As I will explain below, you can still leave yourself open to intuition and experimentation by freeing yourself from rigid formulas.  But, you are in control and can veto anything that doesn’t support your idea. 

When relying solely on intuition or experimentation, you leave the work to chance.  Yes, some will be wildly successful, but many will also fail.  Do you want sporadic results or consistent growth?  

Nurturing those Moments of Zone Work

Secondly, if you only create when you are in the zone, you will produce very few works of art.  From my experience, reaching the point of free-flow expression comes after significant, diligent work.  It is rare that it just happens the moment you pick up a brush.  If you are disciplined enough to begin working, you will open your mind and heart to the creation process.  As you work your way through the piece, ideas flow, decisions are made, and slowly but surely you are elevating yourself closer to that climax of ‘zone work’.  If you wait for the zone before you begin, you won’t begin.  The more disciplined you are, and the more you work, the more often you will reach this point. 

On the Verge

I believe that the greatest work comes while on the verge of zone work.  You are still in control, but intuition and expression are flowing freely.  You can make informed decisions in your work and are still in control.  You are conscious enough to be methodical and deliberate.  But being almost in the zone, your work is intuitive and expressive.  This is the state at which the marriage between the seeming contradictions work together in beautiful harmony; deliberate decisions, intuition, learned technique, experimentation, construction, and expression. 

And, while on the verge, you are aware enough to learn from the intuitive expression.  That experience now becomes part of your vast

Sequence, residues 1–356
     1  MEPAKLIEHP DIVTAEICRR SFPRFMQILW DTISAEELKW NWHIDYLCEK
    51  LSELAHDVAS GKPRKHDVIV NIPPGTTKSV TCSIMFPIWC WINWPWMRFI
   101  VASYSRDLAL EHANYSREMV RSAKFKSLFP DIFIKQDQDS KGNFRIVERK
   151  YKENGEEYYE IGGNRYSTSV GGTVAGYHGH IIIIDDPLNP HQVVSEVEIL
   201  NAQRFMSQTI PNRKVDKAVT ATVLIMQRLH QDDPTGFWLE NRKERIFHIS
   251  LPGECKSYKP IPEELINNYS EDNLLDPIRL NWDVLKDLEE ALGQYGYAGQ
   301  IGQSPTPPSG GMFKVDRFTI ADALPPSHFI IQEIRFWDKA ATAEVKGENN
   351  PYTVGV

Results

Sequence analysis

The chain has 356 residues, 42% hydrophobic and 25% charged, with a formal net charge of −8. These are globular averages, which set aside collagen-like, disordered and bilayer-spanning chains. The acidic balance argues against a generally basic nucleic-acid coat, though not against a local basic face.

storehouse of knowledge.  You have grown.  You now have more tools at your disposal in the future.  

Happy Creating,

Keith Bond




Editor's Note:

Today's post is an updated version from a few years ago, but we're republishing it again today because it's still a timely and relevant message. Enjoy! And what a better way to start 2018, than with a new gorgeous FASO Artist Website to display your talent! We make it easy to put together, very easy to maintain, and there is a Positively Remarkable Support Team to help along the way. To sign up for a free, no obligation 30 day trial, click here.


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Topics: advice for artists | art and psychology | creativity | FineArtViews | inspiration | Keith Bond 

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KC Lancaster
I agree, and thank you for putting it out there! One of my favorite books is "The War of Art: Break Through the Blocks and Win Your Inner Creative Battles" by Steven Pressfield and Shawn Coyne. It bolsters the idea that consistency is the key.

Mark Brockman
Ah, it's so nice to be in the zone, or what I think of as pure inspiration. But as you say, you can't wait for it. I work daily, whether I'm inspired or not, if the zone happens fine, if not, fine. You need to be prepared for the zone and the only way to that is by being ready, by working.

Knowledge, experimentation and intuition are essential, but I would also add, imagination. Plus listening to the painting, it often knows what the artist should do better then the artist. But then this is where the other four elements come together.

Theresa Grillo Laird
I agree that these utterly amazing in the zone times are not the norm. But they invariably point out something unseen in day to day painting practice.The big takeaway is that the newly revealed info can then be carried into all the usual painting sessions.